The cost of renting offshore supply vessels (OSVs), servicing oil and gas firms, will continue to rise as many ships that were mothballed up during the downturn will not return to the market, the chief executive of Norway's DOF said on Wednesday.
A number of offshore vessel companies went bankrupt after oil prices plunged between 2014 and 2016, or were forced to merge with competitors to survive as oil companies cut spending for exploration and new developments.
But the rates for hiring specialized vessels, which include platform supply (PSV), diving support (DSV) and anchor-handling vessels (AHTS), have increased in the last year.
While the North Sea has been leading the increase in demand for OSVs, with rates for some vessel segments improving by 30 percent from a year ago, activity is starting to pick also elsewhere in the world, DOF's CEO told Reuters.
"The rate levels for PSVs have increased quite a bit from low levels (last year)... Now, at least, you can pay interest rates," Mons Aase said.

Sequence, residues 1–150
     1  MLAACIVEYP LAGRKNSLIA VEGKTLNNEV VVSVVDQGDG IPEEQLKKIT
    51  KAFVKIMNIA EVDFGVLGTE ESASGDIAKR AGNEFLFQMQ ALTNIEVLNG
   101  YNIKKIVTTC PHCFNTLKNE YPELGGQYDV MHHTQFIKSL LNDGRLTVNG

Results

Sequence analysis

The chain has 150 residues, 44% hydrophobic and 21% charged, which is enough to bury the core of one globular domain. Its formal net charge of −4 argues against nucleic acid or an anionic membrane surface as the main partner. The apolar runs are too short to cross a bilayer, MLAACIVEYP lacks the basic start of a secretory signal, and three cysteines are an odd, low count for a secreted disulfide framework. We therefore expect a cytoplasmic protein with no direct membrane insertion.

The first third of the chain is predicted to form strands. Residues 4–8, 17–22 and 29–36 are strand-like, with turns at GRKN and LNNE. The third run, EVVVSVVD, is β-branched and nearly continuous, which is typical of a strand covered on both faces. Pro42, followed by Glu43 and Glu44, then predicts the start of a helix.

The company, which operates more than 60 OSVs, said in a separated statement on Wednesday it had won a three-year contract from Petrobras for a diving support vessel (DSV) in Brazil
DOF shares were trading up by 3.8 percent on the Oslo exchange by 0955 GMT, and were up 37 percent since the beginning of the year.
The company didn't disclose the contract's value or price, but Aase said it expected "better earnings" from the new contract than before.
"There are reasons to be a bit more optimistic than we have been... Overall (globally), we see that a modest increase in activity," he told Reuters.
His optimism was based on the expectation that a majority of offshore supply vessels laid up in Europe will not return to the market.
"Many of those vessels parked in Europe came from Africa
and Brazil, and they don't meet the (European) specifications... We clearly see that a significant portion, about two-thirds, will not be back," Aase said.
Last week, the Norwegian Shipowners' Association said oil companies had to be prepared to pay higher rates for offshore supply vessels in order to ensure the survival of their suppliers.
Some 183 offshore supply vessels and drilling rigs, corresponding to almost one third of the Norwegian offshore supply fleet, were idle last year, the Association's data showed.
That number had fallen to 162 units by February, it added.
Reporting by Nerijus Adomaitis